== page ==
Coachwhips are known to eat other snakes.
Have you ever seen a rattlesnake get eaten by another snake? For me that is the holy grail of herping. Brent Jones of Jacksboro, Texas was fortunate enough not only to see such an encounter, but to record the beginning of the attack by what is described as a coachwhip attacking a rattlesnake. The video shows the coachwhip aggressively handling the rattlesnake as the venomous snake rattles its tail in distress. The clip then abruptly ends.
Meanwhile, in Jacksboro, Texas, Brent Jones found this coachwhip snake eating a rattlesnake… 👀
Posted by WFAA on Tuesday, May 12, 2020
I’ve been walking outdoors in Southern California in an area that is home to both the California kingsnake and western diamondback and Pacific rattlesnakes, and while I’ve seen all three species separately, I have yet to happen upon a kingsnake and rattlesnake battling it out.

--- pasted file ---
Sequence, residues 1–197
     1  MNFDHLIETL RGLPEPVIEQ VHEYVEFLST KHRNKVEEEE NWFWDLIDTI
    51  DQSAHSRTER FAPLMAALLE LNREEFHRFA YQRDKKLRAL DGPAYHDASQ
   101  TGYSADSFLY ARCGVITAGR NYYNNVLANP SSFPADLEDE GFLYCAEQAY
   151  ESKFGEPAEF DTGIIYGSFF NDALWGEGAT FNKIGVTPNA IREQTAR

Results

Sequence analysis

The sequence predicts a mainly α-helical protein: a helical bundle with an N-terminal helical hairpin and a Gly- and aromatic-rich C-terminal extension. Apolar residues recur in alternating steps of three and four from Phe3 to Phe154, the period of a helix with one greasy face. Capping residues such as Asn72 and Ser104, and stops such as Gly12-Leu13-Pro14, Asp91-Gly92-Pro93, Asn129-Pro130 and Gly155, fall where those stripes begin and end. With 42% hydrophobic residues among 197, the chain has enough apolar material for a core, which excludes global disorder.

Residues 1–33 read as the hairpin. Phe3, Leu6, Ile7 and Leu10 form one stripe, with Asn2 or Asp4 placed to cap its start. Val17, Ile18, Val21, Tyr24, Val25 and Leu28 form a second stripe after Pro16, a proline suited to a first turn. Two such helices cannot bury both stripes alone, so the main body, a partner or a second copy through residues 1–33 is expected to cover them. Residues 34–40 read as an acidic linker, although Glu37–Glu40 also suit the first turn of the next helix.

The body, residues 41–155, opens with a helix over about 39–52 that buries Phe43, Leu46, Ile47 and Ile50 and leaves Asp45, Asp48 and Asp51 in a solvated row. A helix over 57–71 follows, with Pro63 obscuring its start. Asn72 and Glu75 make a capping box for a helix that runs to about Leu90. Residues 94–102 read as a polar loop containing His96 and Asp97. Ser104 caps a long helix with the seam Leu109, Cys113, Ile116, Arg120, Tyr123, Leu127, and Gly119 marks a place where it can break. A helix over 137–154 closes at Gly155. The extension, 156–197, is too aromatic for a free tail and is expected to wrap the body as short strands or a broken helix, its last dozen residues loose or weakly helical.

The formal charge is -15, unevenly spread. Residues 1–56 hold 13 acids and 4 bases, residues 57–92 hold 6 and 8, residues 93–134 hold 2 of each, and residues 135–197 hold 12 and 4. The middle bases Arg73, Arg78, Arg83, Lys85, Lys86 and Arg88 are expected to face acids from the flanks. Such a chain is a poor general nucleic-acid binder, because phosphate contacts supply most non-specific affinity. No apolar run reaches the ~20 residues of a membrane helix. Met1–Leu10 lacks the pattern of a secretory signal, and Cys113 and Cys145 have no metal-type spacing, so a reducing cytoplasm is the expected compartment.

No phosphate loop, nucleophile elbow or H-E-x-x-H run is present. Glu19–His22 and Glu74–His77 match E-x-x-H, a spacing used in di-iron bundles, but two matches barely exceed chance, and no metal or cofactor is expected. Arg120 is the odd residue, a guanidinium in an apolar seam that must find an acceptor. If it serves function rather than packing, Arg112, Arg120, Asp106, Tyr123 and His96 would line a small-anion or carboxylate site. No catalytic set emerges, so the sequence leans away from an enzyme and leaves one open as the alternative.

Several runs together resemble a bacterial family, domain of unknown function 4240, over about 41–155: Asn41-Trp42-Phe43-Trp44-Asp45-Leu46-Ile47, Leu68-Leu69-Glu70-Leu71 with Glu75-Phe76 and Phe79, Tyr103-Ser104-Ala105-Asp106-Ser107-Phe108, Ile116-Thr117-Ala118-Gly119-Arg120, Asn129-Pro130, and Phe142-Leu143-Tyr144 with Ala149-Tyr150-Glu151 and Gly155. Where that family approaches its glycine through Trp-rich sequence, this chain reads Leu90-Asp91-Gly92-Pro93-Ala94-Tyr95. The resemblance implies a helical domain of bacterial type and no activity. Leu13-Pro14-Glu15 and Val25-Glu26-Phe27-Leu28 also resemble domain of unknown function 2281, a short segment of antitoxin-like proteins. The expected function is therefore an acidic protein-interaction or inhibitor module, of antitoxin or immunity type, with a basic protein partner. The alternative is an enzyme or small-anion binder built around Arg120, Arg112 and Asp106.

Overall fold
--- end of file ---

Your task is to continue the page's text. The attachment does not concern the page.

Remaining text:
Masticophis flagellum are endemic to the United States and Mexico and are found coast to coast in the US. They vary in coloration and can grow to around six feet in length. There are 10 rattlesnake species in Texas. The one in the video appears to be a western diamondback rattlesnake.